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Airport access road focus of input session

by Ron Wood | March 3, 2021 at 7:29 a.m.
NWA Democrat-Gazette/DAVID GOTTSCHALK The terminal and front entrance is visible Friday, June 22, 2018, at the Northwest Arkansas Regioinal Airport in Highfill.

Engineers working on a new road to the Northwest Arkansas National Airport showed off their preferred route and answered questions about the project during a video public input session Tuesday evening.

The road will begin life with two lanes, according to Bill McAbee and Jon Hetzel, with Garver, the engineering company.

"The reason for that is traffic dictates what a facility needs to be to adequately handle that capacity of traffic," McAbee said. "At this point, looking 20 years into the future, two lanes are adequate to address that traffic given the fact it is fully controlled and there's no access coming in and out makes that two-lane function better than a two-lane that has a lot of ingress and egress on it."

By 2040, the road is expected to carry about 15,000 cars a day.

But, the road will eventually be a 4.6-mile four-lane controlled access state highway between the Springdale Northern Bypass and Arkansas 264 at the airport with a 70 mph speed limit. Travel time is expected to be about four minutes. The road will be almost a straight line following the Osage Creek valley for much of the way.

"Two lanes are adequate," McAbee said. "At some point it will be reevaluated to determine the traffic needs and when the additional two lanes need to be built."

Construction is estimated to cost $79.7 million and right of way acquisition another $5.8 million for a total of about $85.6 million.

After federal highway officials give their go-ahead and the design is finalized, right of way will be acquired for all four lanes. The next section of the Springdale Northern Bypass, where the airport road will take off, is expected to be bid in summer 2022, and the the airport road itself is expected to be bid in summer 2023. Construction could take up to two years; at least four bridges or overpasses are planned.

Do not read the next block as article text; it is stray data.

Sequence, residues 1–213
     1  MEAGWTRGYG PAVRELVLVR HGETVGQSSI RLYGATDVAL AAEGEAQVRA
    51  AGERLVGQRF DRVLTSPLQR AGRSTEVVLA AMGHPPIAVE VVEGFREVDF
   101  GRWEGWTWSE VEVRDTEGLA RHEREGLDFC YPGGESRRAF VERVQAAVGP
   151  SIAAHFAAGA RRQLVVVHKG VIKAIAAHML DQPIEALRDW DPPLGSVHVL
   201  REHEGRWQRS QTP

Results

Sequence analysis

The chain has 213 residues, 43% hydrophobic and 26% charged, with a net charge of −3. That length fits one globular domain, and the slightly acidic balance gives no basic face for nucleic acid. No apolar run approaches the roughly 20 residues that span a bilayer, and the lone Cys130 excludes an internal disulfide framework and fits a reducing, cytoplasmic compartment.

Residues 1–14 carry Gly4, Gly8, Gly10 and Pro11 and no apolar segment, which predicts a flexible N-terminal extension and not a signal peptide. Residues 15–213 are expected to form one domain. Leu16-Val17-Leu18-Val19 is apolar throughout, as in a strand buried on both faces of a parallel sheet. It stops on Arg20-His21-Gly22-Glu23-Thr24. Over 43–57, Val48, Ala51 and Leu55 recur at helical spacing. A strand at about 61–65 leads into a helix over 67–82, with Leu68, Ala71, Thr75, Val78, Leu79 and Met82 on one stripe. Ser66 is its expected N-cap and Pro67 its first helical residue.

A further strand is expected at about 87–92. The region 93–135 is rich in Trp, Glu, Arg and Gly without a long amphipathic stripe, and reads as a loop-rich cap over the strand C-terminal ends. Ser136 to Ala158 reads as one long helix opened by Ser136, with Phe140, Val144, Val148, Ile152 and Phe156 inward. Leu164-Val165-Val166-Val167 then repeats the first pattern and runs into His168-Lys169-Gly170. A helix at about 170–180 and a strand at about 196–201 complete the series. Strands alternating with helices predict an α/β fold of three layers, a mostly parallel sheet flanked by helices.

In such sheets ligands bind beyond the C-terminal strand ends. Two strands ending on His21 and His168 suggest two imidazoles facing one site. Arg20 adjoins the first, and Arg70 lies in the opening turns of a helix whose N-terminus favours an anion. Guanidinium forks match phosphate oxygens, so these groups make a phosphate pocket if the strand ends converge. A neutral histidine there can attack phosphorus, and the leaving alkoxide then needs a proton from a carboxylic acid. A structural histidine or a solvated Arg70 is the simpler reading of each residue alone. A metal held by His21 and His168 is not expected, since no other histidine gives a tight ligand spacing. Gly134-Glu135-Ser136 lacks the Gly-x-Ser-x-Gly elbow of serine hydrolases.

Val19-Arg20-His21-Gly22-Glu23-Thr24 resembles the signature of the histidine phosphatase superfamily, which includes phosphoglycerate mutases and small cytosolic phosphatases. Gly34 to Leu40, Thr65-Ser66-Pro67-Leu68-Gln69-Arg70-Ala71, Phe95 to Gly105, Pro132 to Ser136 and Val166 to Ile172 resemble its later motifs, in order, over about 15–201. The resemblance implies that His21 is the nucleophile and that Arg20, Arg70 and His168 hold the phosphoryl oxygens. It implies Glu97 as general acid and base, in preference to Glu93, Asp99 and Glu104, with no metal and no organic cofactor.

The access road will initially connect to Arkansas 264 at the airport with simple off ramps. A diamond interchange will be added at a later time.

When design of the project is about 60% complete, another public input session will be held.

The Arkansas Department of Transportation wants a new four-lane, limited access road to the airport because it provides the most direct and reliable route. The proposed road reduces the likelihood of congestion, accidents or extreme weather events interfering with people getting to and from the airport, according to the recently completed environmental study.

The proposed access road shouldn't significantly affect threatened or endangered species or environmentally sensitive areas, according to the environmental assessment study.

The environmental assessment study looked at several alternatives including doing nothing; building a new road; improving roads, including Arkansas 112 and Arkansas 264; and a combination of a new road and improving Arkansas 112 and Arkansas 264.

Airport officials have always wanted a new road to the airport. The alternate routes had to be considered because the Federal Highway Administration, federal wildlife officials and the state Transportation Department, which all have to sign off on the road, require all reasonable alternatives to be explored.

The state Department of Transportation is expected to design, build and pay for the project as part of the highway improvement program approved by voters in November. The airport also has about $14 million in federal money earmarked for the road.

The environmental assessment looked at a host of issues including spring recharge areas, streams, floodplains and wetlands, wildlife and federally protected species, land uses, population growth, air quality, traffic conditions, historic or archeological sites, the indirect and cumulative impact of the project, and noise.

Two residences and three businesses would likely have to be moved for the road, according to the study. The route would be around the southwest side of Cave Springs and outside the Cave Springs Recharge Area.

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In case you missed it

If you were not able to attend Tuesday’s online presentation, there is still time to comment on the project. The public is invited to listen, view meeting materials and provide written comments on a website that will be available until 4:30 p.m. March 17.

Here’s a link to the website: .

This website will provide project materials and handouts that would have been shown at an in-person meeting. A separate link on the page will provide a Spanish version of the presentation. There will also be an option to send online comment forms to project staff, or people can print the form and mail it to Garver, Attn: Lindi Miller, 4701 Northshore Drive, North Little Rock, Ark., 72118.

People who don’t have internet access may contact Lindi Miller at (501) 823-0730 or to ask questions about the proposed project and how to access project information.

Source: Arkansas Department of Transportation


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